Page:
HARRISBURG – The Senate Communications and Technology committee, chaired by Sen. Tracy Pennycuick (R-24), brought together information technology experts Monday for a public hearing on securing cloud-based data held by state and local governments.
“State and local governments are entrusted with our constituents’ sensitive data. Keeping this information secure and protected must remain our top priority,” Pennycuick said. “The world is full of bad actors looking to exploit our vulnerabilities and gain access to this information. The matters we discuss today will help us stay ahead of incessant cyber thieves.”
With cloud storage, digital data is stored on servers in off-site locations. The servers are maintained by a third-party provider responsible for hosting, managing and securing data. This data includes personally identifiable information such as tax records, unemployment claims, social security numbers, driver’s licenses and more.
Cloud-based storage and applications generally offers unique benefits, including enhanced security when compared to traditional legacy systems.
Testifiers said the threat to cybersecurity is constant. Pennsylvania’s acting Chief Information Security Officer Christopher Dressler testified that, in a recent month, there were approximately 38 billion unauthorized attempts to connect to the state network. He said cloud computing presents cybersecurity benefits for the commonwealth, such as intrusion prevention, malware protection, identity and access controls and encryption. Like other technology innovations, cloud computing also creates new challenges.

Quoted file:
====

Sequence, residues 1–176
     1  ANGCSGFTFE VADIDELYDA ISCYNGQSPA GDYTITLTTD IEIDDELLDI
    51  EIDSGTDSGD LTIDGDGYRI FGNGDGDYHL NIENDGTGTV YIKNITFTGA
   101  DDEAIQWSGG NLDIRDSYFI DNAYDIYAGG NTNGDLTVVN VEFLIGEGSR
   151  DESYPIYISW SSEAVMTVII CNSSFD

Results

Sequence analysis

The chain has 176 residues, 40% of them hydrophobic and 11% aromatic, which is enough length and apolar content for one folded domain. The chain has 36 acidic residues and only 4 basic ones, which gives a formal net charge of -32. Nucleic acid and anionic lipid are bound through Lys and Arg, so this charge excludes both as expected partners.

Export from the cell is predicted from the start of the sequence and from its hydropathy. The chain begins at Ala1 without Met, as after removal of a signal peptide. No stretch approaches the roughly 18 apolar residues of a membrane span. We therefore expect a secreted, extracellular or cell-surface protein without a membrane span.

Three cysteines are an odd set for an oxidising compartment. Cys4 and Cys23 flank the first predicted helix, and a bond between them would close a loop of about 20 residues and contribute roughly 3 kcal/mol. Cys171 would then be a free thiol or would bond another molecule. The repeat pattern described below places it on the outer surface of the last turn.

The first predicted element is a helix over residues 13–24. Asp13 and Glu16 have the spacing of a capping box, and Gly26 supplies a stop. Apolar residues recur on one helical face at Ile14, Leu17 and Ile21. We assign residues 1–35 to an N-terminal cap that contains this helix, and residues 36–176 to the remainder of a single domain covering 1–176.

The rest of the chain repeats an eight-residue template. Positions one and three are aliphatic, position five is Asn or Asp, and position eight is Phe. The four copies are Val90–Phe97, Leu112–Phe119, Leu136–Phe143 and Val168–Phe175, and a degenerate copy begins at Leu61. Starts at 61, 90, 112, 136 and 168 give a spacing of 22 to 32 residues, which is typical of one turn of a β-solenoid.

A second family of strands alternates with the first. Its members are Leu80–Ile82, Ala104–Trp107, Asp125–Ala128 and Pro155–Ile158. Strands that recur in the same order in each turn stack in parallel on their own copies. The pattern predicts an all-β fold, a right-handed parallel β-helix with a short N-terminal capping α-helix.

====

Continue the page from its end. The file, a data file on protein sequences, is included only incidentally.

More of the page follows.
“Cloud implementations require organizations to enable appropriate cybersecurity controls and maintain a level of active management to help mitigate risks,” Dressler said. “Proper configuration of the cybersecurity controls in a cloud environment is essential to ensuring adequate protections of resources and data are in place.”
Maria Thompson of Amazon Web Services said that while service providers play a lead role in protecting the data they store, governments and other cloud service customers have a responsibility for security within their cloud storage. Human error is a top cause of security breaches. Thompson recommended state personnel receive special training to avoid errors.
Representatives from Unisys information technology services noted the various levels of funding other states put into cybersecurity, and said having a robust incident response and recovery plan is crucial.
John Alwine of Unisys said, “The legislature and administration must seek out increased coordination amongst state IT users, foster greater recognition of security risks for state agencies, hold government IT leaders accountable in establishing a security path forward, but also provide the resources necessary to implement such a strategy.”
Representatives of the County Commissioners Association of Pennsylvania said that cloud storage allows counties to reduce on-premise technology and provides features for disaster recovery and security patches. The cost of cybersecurity is an ongoing expenditure, however.
Verizon’s 2022 Data Breach Investigations Report stated that public sector organizations were involved in one in five cyber incidents, amounting to roughly 2,792 cyberattacks. It also revealed that approximately 47% of public sector data breaches were not discovered until years after the initial attack.
Monday’s hearing was the latest in a series by the committee examining cybersecurity and data breaches. Last week, the committee approved legislation to protect the information by prohibiting state-owned devices from downloading and using TikTok. The bill was approved by the full Senate.
“Ensuring procedures are in place to protect citizen data held by governments is critically important,” Pennycuick said. “That has been a focus of this committee in the past, and we are going stay on top of this issue in the current legislative session.”
You can view video and written testimony from today’s hearing here.
CONTACT: Lidia DiFiore